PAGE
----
The Polaroid Originals OneStep 2, designed after a 1970s camera, and looking and shooting like a vintage camera, spits out instant film with a classic border, giving it’s user that retro feeling, and creating an organic, imperfect look. And while the OneStep 2 can be either enjoyable, it could also be frustrating since it lacks the convenience and quality of today’s point-and-shoots.
The film slides into the base of the camera and has directions for loading it written on the cartridge, making it easy to load.
It’s equipped with eight mini lights that indicate how many images are left in the film pack. There’s a shutter release at the front towards the bottom, remaining true to the original.
Some new additions are a built-in flash, and a switch below the viewfinder to brighten or darken the image.
It also has a self-timer button on the front for triggering an instant film selfie, and a USB port on the back of the camera, which is used to charge the battery. Polaroid says the OneStep 2 will hold a charge for up to 60 days.
The viewfinder isn’t completely accurate, particularly when close to the subject. It feels like looking through a bubble – the center of the image bends towards you as if magnified, while the edges become blurred. Images take about 10 to 15 minutes to fully develop and the film should be kept facing down to avoid over-exposure, or left sitting underneath the black protective piece. It can be frustrating to wait 15 minutes, only to realize that an image came out too light or too dark.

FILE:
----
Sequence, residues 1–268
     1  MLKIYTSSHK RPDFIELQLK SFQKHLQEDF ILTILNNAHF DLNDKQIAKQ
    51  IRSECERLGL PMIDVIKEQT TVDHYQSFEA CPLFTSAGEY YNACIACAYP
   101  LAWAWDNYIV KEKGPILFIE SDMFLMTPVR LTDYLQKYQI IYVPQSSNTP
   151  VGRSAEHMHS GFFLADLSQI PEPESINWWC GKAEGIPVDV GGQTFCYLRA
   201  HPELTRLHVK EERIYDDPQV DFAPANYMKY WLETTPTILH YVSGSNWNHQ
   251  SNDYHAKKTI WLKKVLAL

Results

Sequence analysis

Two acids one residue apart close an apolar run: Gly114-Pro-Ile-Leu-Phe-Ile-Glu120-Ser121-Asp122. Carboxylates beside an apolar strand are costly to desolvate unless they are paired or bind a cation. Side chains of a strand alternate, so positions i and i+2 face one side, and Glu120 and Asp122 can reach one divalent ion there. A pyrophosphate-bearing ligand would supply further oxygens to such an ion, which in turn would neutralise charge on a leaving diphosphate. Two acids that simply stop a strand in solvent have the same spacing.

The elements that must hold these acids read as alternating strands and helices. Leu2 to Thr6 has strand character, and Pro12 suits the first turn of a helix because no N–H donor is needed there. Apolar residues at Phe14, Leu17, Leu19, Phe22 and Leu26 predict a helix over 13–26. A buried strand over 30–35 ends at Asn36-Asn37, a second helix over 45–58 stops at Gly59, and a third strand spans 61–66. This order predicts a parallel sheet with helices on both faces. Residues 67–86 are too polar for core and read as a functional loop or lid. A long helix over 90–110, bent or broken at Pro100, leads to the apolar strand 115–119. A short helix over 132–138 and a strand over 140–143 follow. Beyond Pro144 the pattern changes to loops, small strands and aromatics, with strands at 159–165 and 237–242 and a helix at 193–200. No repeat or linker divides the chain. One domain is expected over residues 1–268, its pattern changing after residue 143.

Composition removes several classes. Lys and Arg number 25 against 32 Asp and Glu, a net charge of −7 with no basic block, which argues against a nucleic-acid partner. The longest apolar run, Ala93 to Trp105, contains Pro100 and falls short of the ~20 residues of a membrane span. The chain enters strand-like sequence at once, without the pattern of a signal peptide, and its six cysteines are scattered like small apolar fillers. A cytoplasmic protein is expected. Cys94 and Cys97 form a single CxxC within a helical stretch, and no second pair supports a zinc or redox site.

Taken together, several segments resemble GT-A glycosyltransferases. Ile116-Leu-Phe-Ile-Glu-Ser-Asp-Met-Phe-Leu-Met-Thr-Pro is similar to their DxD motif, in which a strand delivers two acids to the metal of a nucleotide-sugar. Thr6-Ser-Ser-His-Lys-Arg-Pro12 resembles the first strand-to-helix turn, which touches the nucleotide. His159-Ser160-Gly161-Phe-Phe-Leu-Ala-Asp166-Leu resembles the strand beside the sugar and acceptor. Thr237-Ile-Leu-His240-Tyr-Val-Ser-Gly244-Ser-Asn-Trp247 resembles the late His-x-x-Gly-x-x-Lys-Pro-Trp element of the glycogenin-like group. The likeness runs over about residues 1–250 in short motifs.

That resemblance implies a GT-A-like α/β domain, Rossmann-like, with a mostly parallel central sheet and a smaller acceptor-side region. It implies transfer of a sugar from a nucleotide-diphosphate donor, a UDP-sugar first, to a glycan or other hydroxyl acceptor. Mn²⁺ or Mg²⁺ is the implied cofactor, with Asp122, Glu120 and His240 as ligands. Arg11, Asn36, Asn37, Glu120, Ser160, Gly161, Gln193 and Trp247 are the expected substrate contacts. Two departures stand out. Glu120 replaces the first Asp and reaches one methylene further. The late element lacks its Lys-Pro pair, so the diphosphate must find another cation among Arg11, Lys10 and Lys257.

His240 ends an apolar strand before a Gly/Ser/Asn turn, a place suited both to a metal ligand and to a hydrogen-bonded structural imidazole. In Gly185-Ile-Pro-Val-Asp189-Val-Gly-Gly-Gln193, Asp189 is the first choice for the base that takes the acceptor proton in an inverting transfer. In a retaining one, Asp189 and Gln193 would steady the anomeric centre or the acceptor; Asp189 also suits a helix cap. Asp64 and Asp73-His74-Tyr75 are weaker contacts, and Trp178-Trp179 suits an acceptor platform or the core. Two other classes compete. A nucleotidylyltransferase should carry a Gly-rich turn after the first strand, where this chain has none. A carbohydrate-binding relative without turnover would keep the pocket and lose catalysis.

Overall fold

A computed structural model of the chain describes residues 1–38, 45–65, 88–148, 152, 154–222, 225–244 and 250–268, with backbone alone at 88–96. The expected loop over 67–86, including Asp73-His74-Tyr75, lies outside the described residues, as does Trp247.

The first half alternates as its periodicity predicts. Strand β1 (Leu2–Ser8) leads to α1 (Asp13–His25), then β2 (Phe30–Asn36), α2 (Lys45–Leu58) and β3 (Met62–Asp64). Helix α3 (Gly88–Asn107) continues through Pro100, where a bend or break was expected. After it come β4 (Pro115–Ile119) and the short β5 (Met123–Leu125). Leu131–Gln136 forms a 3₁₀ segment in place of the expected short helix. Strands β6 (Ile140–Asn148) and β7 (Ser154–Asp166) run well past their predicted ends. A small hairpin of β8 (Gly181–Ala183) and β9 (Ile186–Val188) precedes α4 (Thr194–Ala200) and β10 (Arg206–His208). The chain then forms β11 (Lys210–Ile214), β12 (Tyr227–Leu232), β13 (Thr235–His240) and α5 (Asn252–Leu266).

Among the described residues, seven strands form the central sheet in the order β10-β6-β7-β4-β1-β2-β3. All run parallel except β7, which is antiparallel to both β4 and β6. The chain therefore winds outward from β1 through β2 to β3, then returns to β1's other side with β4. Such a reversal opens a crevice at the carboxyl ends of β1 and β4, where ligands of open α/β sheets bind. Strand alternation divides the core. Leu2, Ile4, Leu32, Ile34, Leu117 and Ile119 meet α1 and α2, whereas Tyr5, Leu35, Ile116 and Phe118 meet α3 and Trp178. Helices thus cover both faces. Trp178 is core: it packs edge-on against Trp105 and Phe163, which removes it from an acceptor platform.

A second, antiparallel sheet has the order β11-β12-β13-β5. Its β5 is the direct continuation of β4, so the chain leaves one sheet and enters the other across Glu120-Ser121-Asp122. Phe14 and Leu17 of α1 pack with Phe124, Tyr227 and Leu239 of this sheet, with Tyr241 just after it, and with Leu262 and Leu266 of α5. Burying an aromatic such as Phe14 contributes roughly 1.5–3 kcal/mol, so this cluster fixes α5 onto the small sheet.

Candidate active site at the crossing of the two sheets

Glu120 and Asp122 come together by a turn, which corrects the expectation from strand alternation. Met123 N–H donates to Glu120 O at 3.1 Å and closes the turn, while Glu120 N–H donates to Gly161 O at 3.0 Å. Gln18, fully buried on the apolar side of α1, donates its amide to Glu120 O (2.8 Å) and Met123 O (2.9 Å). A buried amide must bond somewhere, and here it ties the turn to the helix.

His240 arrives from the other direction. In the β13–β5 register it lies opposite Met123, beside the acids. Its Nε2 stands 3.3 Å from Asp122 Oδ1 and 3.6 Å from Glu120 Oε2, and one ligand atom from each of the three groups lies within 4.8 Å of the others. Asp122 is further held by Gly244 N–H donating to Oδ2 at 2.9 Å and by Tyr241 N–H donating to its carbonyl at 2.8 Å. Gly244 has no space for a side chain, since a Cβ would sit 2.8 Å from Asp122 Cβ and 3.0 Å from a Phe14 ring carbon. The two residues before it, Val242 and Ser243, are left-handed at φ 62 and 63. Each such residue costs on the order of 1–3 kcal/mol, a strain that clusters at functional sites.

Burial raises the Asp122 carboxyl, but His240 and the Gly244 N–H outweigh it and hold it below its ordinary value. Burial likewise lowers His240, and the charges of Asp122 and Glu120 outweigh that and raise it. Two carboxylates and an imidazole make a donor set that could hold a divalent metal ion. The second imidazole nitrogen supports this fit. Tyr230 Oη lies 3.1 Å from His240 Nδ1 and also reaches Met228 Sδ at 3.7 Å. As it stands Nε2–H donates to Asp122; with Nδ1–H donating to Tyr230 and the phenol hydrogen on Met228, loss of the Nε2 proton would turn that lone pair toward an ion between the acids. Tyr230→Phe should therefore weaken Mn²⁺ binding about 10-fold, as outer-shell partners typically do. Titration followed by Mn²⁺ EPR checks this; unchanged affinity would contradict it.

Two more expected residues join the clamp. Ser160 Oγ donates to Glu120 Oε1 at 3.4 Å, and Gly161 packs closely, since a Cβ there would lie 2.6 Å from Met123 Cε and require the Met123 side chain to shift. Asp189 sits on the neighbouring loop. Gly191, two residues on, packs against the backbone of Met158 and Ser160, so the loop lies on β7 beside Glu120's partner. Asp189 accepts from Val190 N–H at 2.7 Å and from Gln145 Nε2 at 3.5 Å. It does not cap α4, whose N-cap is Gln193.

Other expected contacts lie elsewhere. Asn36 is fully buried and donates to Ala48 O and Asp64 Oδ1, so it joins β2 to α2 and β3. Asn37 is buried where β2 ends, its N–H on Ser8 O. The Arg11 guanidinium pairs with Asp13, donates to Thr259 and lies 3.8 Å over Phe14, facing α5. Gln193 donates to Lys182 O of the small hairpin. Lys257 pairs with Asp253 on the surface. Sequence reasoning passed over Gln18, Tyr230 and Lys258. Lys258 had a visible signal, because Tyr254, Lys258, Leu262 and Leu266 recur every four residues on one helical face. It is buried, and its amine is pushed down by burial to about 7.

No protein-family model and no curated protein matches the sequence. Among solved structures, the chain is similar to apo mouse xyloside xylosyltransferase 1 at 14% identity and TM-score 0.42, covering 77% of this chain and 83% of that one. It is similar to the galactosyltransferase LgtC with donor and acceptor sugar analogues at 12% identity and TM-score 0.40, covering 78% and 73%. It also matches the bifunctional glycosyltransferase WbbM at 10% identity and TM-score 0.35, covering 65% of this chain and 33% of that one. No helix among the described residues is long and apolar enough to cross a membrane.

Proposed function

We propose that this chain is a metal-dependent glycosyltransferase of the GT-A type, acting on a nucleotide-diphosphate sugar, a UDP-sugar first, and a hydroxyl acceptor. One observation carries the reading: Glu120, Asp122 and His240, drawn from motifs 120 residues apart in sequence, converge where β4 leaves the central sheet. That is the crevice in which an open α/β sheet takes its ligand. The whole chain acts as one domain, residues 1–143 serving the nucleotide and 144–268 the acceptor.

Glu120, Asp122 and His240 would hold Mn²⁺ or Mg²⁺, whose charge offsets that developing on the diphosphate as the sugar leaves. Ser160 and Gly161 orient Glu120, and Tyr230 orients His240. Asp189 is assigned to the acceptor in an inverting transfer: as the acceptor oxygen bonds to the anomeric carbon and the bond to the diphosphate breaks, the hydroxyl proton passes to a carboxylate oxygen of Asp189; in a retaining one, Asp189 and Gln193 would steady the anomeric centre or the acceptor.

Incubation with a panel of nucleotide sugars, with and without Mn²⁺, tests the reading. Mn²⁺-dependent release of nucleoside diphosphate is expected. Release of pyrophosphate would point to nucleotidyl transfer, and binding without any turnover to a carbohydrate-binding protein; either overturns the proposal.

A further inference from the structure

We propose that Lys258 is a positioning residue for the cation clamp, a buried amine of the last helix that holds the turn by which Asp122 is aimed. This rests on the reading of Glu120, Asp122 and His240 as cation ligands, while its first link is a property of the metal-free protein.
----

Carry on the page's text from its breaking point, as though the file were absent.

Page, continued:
There’s a stamp at the bottom, instructing you to stay at least 2 feet away from your subject. The flash shouldn’t be used indoors, as it can be too bright. Having said that, the camera is simple enough, even for children. In fact, instant film can be an exciting way for kids to learn about photography.
The OneStep 2 provides easy use, but every picture will cost you a bit. With eight exposures in a pack, you’ll become a dedicated but cautious photographer, as extra snaps turn into wasted cash, becoming a concern. It sells for around $100, and a bit more for the special edition. A three-pack basic film with a white frame retails for $45, while the black-and-white film or special editions (like the Stranger Things Edition) can go for a bit more.
You end up around $1.87 per photograph. By comparison, the Fujifilm Instax mini only costs around 80 cents a shot, or 58 cents a shot if using a larger pack of 60 exposures.
The OneStep 2 is a great stab of the instant camera resurgence, providing an awesome feeling of nostalgia. Keep in mind the cost per-photo is extremely high. You might find yourself only using it on special occasions.